The six jurors and four alternates who will hear opening statements Monday in George Zimmerman’s murder trial are beginning their time together in a sequestered bubble: They won’t return to their homes for weeks, contact with family and friends will be limited, and Internet and phone usage is restricted.
Court officials are keeping mum about the details of the jury sequestration, which began this weekend. But judging by past cases, they are likely to read only newspapers that have been censored of anything dealing with the case. They will do almost everything together as a group. In their hotel rooms, news channels will be inaccessible and landline telephones likely will be removed. Deputies will keep the jurors’ cellphones and give them back once a day so they can call family and friends.
Prosecutors and defense attorneys say the sequestration is necessary to eliminate jurors’ exposure to outside influences as they consider whether the neighborhood watch volunteer committed murder last year when he fatally shot 17-year-old Trayvon Martin. After spending almost two weeks picking a jury, the attorneys will make opening statements Monday.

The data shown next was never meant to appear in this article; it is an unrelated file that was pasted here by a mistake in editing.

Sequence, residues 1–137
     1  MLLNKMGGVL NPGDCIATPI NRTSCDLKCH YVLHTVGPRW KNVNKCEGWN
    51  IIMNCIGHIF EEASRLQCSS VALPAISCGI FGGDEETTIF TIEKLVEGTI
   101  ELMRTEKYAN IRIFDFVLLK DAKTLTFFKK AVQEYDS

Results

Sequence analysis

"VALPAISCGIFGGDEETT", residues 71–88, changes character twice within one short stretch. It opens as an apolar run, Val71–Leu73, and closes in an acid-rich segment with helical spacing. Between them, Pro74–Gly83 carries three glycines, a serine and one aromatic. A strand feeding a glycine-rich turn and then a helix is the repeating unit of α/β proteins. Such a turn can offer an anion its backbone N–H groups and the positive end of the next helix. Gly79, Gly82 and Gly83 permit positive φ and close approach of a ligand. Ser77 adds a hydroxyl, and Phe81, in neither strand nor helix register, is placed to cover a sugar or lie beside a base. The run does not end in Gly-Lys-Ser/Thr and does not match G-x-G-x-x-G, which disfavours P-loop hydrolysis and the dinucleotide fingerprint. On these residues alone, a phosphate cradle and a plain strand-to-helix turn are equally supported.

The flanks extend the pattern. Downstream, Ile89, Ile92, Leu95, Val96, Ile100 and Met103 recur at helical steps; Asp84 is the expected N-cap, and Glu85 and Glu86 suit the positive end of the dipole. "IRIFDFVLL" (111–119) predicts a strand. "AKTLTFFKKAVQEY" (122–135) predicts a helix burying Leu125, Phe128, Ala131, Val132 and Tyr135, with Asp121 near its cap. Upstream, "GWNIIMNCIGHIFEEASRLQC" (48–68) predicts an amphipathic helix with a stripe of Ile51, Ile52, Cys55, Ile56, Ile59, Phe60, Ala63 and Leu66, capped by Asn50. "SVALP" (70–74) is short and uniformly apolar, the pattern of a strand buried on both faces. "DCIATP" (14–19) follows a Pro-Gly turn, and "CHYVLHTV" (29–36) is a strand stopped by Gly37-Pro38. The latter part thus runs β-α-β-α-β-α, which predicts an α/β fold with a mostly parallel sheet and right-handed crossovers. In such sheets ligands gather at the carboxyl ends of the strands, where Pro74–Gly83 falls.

“Your contact with the outside world will be severely limited,” prosecutor Bernie de la Rionda warned potential jurors last week.
The Seminole County’s Clerk of Courts has budgeted $150 per person per day to cover room, board and entertainment for the length of the trial, said Maryanne Morse, the clerk. Given that it could last from two weeks to a month, the total cost of sequestration could range from $21,000 to $45,000. That doesn’t include the cost of keeping deputies assigned to the group for security.
Court spokeswoman Michelle Kennedy wouldn’t comment on the details or logistics of sequestration, or even how jurors will spend the Fourth of July.
“Their comfort is going to be our top priority,” Kennedy said.
The six jurors and four alternates in Zimmerman’s trial were whittled down from a pool of 40 candidates who had made it into a second round of interviews after questions about their views on firearms, self-defense and crime. The jurors are all women, and the alternates are two men and two women. Their identities are not being released to protect their privacy.
Zimmerman, 29, says he acted in self-defense in shooting Martin in the central Florida community of Sanford, where Zimmerman lived.
Martin’s shooting death on Feb. 26, 2012 — and the initial decision not to charge him — led to public outrage and demonstrations around the nation, with some accusing Sanford police of failing to thoroughly investigate the shooting.